Postpartum depression is a severe form of depression that occurs after pregnancy. Considering the vast chemical and hormonal changes in a woman’s body when she is expecting a baby, mild depression during and post-pregnancy is often a normal part of a new mother’s life. However, if after the pregnancy the depression continues to become so severe that the new mother is finding it difficult to cope, then she may be suffering from postpartum depression.
Postpartum depression can be debilitating for the mother. It is far more serious than simply having the baby blues. Although mild depression and pregnancy may be normal, postpartum depression is not. The sooner treatment is sought, the better the chances of a speedy recovery.
Who’s at Risk for Postpartum Depression?
A 2008 statistic released by the Centers for Disease Control reported that an average of 15 percent of postnatal women suffer from postpartum depression; however, this statistic only includes women who have themselves reported depression and does not include women who never sought treatment or simply kept quiet. Other sites suggest this number may be much higher, and puts the percentage between 20 and 25 to account for the undiagnosed. If this staggering statistic is correct, then depression and pregnancy — including women who have miscarried or delivered a stillborn — is a much more widespread pairing than considered before and affects over 1.3 million women each year.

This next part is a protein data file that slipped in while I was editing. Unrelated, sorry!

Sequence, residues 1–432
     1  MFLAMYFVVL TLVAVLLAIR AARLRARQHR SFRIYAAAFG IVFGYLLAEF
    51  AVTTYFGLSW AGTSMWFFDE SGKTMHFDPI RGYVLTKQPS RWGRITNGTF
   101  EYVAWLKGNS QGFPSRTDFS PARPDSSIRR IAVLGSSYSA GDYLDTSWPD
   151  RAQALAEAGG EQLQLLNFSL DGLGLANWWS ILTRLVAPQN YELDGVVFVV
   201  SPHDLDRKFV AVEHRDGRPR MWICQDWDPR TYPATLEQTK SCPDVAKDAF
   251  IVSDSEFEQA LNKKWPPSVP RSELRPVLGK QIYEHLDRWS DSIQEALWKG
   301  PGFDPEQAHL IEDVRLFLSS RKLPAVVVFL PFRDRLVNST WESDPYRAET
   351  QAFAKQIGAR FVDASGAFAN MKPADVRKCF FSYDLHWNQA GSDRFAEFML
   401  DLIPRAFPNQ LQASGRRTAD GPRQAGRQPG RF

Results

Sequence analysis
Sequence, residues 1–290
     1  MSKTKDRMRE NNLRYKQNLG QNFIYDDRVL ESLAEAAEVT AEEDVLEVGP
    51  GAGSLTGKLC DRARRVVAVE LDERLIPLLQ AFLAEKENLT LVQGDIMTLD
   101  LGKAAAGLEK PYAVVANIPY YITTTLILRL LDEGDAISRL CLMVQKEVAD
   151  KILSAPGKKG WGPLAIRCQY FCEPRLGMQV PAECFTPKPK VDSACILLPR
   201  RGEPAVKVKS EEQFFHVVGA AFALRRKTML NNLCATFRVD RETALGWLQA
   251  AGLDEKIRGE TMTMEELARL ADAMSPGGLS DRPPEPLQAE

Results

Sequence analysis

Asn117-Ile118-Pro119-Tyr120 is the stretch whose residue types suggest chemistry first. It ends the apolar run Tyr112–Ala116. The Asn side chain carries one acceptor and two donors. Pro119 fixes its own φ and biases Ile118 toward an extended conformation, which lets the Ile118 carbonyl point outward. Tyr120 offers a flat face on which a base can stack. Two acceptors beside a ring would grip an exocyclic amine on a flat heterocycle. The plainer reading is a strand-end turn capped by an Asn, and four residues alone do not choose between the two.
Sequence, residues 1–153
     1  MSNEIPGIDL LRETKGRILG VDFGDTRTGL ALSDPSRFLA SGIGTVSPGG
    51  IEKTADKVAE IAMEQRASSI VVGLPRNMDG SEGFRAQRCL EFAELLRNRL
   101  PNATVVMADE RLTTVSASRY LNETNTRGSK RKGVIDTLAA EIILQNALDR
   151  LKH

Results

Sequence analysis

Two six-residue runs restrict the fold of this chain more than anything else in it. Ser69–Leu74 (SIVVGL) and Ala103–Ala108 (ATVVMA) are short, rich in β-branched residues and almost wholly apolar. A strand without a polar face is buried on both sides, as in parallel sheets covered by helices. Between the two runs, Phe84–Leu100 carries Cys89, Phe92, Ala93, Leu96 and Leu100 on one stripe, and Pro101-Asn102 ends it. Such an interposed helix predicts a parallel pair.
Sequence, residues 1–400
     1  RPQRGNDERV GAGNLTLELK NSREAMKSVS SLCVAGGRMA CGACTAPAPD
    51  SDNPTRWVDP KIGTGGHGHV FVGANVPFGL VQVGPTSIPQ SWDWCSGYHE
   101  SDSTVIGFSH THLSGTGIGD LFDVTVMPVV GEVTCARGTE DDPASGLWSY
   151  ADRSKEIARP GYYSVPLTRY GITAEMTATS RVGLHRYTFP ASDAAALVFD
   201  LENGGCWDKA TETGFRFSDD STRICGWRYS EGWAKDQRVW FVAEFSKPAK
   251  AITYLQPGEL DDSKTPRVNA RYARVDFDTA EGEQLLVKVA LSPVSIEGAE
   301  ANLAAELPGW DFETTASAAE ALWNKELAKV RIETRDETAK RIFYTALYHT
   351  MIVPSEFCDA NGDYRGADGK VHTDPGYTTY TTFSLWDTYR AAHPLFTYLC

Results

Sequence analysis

Depression and Pregnancy: What are the Symptoms?
There is a vast difference between the type of depression most people will experience at some point in life and that of postpartum depression, and doctors tend to lean toward chemical and hormonal changes as being the culprit. Symptoms of depression can include feelings of sadness, anxiety, a change in appetite and sleep patterns, and feelings of emptiness; however, if these last longer than 2 weeks and include thoughts of hurting the baby, feelings of disconnect, or irrational thoughts about the baby being taken away, then postpartum depression may be to blame. These feelings are not normal, and any woman with these thoughts should seek help immediately – even if it’s several months after the birth. Anyone can suffer from depression, and pregnancy can often exacerbate it due in large part to changing levels of estrogen and progesterone after delivery. Treatment for postpartum depression often includes counseling and medication, and it is recommended that those close to the mother seek counseling as well.
Pregnancy and the birth of a new baby should be a joyous event in a mother’s life. While mild bouts of depression and pregnancy often go together, it is always best to err on the side of caution if these feelings last longer than a couple of weeks.
If you or a woman you love is not feeling herself and needs to speak with someone about feelings of depression, please call us today. We have a women’s program designed to treat the unique needs of women who suffer from substance abuse and mental health disorders. Destination Hope is a full-service alcohol abuse, drug addiction and health treatment facility in Florida for men and women who suffer from substance abuse and co-occurring disorders.